Visual Arts: Anime
Death Note is a story about a young man who wishes to reform the world through the use of a mystical note book. The note book has the ability to kill anyone whose name is written within it. The young man, named Light, decides to use the book to fight injustice and kill criminals. Light's use of the notebook seems to many people to be a judicial reform on the world, taken on the form of retributive justice. Retributive justice can be described as “an eye for an eye”. Light or as he is called by other people: Kira, kills people only for killing another human being. Eventually Light decides that he is a god and will reform the world. At this time, Light's form of justice seems to drift into a form of Utilitarianism, where the punishment is dealt out to make the world become a better place. To many people this seems like a fair form of justice, but over the course of the series, Light's actions become increasingly tyrannical, dealing death as punishment to lesser crimes. He defends himself by killing anyone who finds out his identity as Kira, which while it may fall under Utilitarianism it still is a form of Retributive justice. Immanual Kant shows the flaw in Kira's form of justice in his book The Metaphysical Elements of Justice, he says "Judicial punishment can never be used merely as a means to promote some other good for the criminal himself or for civil society, but instead it must in all cases be imposed on him only on the ground that he has committed a crime." As such Light's imposed justice is flawed. This essay will explore how Light in Death Note shows that justice is dead in modern society.
Death note has many motifs that give significance to the actions of the characters. Eyes, for example, are large, staring, never blinking, their colors change inhuman. Light has many of scenes, so does his nemesis: L. The unwavering stares of many of the characters could merely be taken for an art style, where many internal dialogs happen within instances of seconds. But if we look at another end of it, where the staring eyes belong to dead people, a common theme emerges. This gives way to a message that most of the characters are already dead or near dead. A macabre anime indeed.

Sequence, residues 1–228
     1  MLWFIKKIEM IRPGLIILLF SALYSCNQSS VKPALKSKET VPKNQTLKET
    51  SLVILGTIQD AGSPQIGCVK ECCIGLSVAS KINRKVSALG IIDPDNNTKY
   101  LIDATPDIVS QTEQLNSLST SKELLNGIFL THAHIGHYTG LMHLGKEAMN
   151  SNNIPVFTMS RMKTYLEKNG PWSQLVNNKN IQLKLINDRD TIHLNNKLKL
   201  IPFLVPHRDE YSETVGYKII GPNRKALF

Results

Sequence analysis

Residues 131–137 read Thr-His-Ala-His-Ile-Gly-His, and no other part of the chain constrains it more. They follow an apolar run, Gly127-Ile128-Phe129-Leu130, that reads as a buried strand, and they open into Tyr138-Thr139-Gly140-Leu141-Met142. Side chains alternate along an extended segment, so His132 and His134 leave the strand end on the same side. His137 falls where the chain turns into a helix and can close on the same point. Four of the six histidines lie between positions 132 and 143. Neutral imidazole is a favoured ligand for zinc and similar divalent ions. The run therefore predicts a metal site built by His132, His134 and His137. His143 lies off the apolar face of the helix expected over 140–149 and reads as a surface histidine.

The story mainly deals with L trying to capture Light, and Light trying to kill L before his identity as a god of justice: Kira, can be found out. The mental fights between these two become the main points of the story. The mental agility these two show are not what is important but what both of them believe is correct. Both are representative of a form of justice. Light as a type of absolute justice, that is brought down from an all mighty figure, and L who believes in deduction, evidence, and mortal law.
Justice is a concept that humans have created. However, we also attribute justice to god in natural disasters, karma, etc. Throughout many religious texts, there are parts pertaining to how justice should be dealt out. The Bible has “an eye for an eye, a tooth for a tooth, a hand for a hand, a foot for a foot,.” Death Note takes this concept and gives it mortal form. Kira, a mortal is given inhuman powers. Kira, or Light, refers to himself as a god. He is willing to sacrifice almost anything and anyone in the sack of justice. L, the great detective, also sees himself as a person who has justice on his side. He seems nearly fanatical in his devotion to catch Kira. Many points in the anime, L will sacrifice someone else without their permission. He will even go so far as to put himself into a position where he will die to catch the killer. Many of his decisions do not sit well with the task force he builds to catch Kira. Many arguments break out amongst them, yet L rarely absconds his position. If we look at the moral decisions both of them make there is in fact very little different about that two other than where they believe their right to judge other people comes from. Light believes himself god and L believes himself the arbiter of human law.